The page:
12A.3.5 Documented quit attempts

Research from Australia,4 Canada,63 and the ITC four-country (Australia, Canada, the US and UK) study9 show that responses to health warnings such as noticing cigarette warnings and forgoing cigarettes predict subsequent quitting attempts among individual smokers. The ITC study found strong evidence that health warnings stimulate such reactions that are predictable antecedents of quitting attempts. It concluded that the stronger the warnings, the greater the reactions, and thus the greater the quitting activity they evoke.9

12A.3.6 Effect on use of Quitlines

Introducing graphic cigarette packet warnings and a Quitline number on cigarette packets boosts demand for Quitline services with likely flow on effects to cessation. In the Netherlands, placement of the national Quitline number on packs with text-based warnings led to a marked increase in numbers of calls.68 Calls to the Quitline in Australia also increased after introduction of improved consumer product information in 2006, which included a requirement to list the Quitline number.15 And they increased again following the introduction of larger graphic warnings as part Australia’s plain packaging of cigarette packs in 2012.69 Similarly, after the New Zealand Quitline number was featured prominently on packets, awareness, and use of the service increased. 70-72 

12A.3.7 Effects of health warnings on young people

A growing body of research has examined the effects of the introduction of health warnings on young people.10, 11, 39, 40, 48, 49, 73-77 These studies provide good evidence that health warnings on tobacco packaging have influenced young people’s attitudes, intentions, and smoking behaviour.10, 11, 39, 48, 49, 78, 79

In a national survey in the UK, 90% of youth non-smokers reported that warnings had ‘put them off smoking’.49 National representative surveys of more than 26,000 respondents from 27 EU member states and Norway found that three out of ten non-smokers reported that health warnings had been effective in discouraging them from smoking.50 Hammond notes17 that between one-fifth and two-thirds of youth non-smokers indicated that health warnings had helped prevent them from taking up smoking in Canada48 and Australia10—see Section 12A.5.1 for further details.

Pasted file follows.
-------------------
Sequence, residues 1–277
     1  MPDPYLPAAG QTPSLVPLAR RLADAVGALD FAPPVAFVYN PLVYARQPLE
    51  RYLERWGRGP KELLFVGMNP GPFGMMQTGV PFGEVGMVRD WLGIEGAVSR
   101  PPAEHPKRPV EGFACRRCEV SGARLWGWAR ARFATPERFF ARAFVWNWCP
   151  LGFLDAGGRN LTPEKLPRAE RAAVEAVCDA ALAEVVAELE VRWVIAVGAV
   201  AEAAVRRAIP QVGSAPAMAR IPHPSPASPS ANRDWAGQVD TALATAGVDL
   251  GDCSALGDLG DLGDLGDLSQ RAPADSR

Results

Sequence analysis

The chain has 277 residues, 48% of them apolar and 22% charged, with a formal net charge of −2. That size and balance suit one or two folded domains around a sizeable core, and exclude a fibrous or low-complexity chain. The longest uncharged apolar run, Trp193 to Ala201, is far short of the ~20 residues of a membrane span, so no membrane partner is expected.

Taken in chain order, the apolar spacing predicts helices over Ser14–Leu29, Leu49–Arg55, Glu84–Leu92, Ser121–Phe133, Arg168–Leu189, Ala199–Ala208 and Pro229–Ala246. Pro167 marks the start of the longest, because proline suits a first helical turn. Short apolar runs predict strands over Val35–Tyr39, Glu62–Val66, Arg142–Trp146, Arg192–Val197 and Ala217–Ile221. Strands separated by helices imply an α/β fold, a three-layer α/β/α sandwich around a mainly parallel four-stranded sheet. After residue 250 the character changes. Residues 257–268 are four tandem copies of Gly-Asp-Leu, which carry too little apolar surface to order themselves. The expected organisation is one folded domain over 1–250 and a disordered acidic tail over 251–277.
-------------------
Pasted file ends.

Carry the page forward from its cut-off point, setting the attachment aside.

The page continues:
In Nigeria,39 544 students were interviewed on their perceptions of graphic warnings. The majority of students reacted to the images with fear and indicated that they believed that the images would prevent people from initiating smoking. One study 40 involving school and university students in Lebanon reported that graphic warnings positively impacted both students’ intentions not to start smoking, and intentions to quit. In the US 77 health warnings have also been found to lower adolescents’ intention to smoke in the future among those with a moderate lifetime smoking history (between 1 and 100 cigarettes) and increased intention to quit smoking among those with a heavy lifetime smoking history (more than 100 cigarettes).

12A.3.8 Effectiveness among low-income smokers and other sub-populations

A study conducted as part of the International Tobacco Control Policy Evaluation study  examined (i) smokers' ratings of the health warnings on warning salience, thoughts of harm and quitting and forgoing of cigarettes; (ii) impact of the warnings; and (iii) differences by demographic characteristics and smoking behaviour among smokers exposed to strengthened text warnings introduced in France (2007), Germany (2007), the Netherlands (2008) and the UK (2006).18 The impact was highest among smokers of low socio-economic status. An EU survey also found that young people and manual workers were slightly more likely to perceive health warnings as effective.50 See Section 12A.4 for discussion about benefits of graphic warnings for those with limited levels of literacy.